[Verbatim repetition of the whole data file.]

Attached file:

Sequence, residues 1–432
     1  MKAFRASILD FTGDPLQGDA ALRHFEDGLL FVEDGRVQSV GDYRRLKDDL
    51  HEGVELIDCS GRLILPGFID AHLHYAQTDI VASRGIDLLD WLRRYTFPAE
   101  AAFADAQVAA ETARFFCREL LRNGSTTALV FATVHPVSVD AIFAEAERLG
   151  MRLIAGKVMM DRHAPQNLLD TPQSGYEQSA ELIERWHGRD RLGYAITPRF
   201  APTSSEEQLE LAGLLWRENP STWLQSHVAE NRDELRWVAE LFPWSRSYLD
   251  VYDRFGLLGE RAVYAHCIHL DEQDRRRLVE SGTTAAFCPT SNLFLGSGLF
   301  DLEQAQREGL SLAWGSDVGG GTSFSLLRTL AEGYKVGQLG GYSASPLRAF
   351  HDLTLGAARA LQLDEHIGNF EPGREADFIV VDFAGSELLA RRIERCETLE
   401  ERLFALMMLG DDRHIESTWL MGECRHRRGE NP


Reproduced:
Sequence, residues 1–432
     1  MKAFRASILD FTGDPLQGDA ALRHFEDGLL FVEDGRVQSV GDYRRLKDDL
    51  HEGVELIDCS GRLILPGFID AHLHYAQTDI VASRGIDLLD WLRRYTFPAE
   101  AAFADAQVAA ETARFFCREL LRNGSTTALV FATVHPVSVD AIFAEAERLG
   151  MRLIAGKVMM DRHAPQNLLD TPQSGYEQSA ELIERWHGRD RLGYAITPRF
   201  APTSSEEQLE LAGLLWRENP STWLQSHVAE NRDELRWVAE LFPWSRSYLD
   251  VYDRFGLLGE RAVYAHCIHL DEQDRRRLVE SGTTAAFCPT SNLFLGSGLF
   301  DLEQAQREGL SLAWGSDVGG GTSFSLLRTL AEGYKVGQLG GYSASPLRAF
   351  HDLTLGAARA LQLDEHIGNF EPGREADFIV VDFAGSELLA RRIERCETLE
   401  ERLFALMMLG DDRHIESTWL MGECRHRRGE NP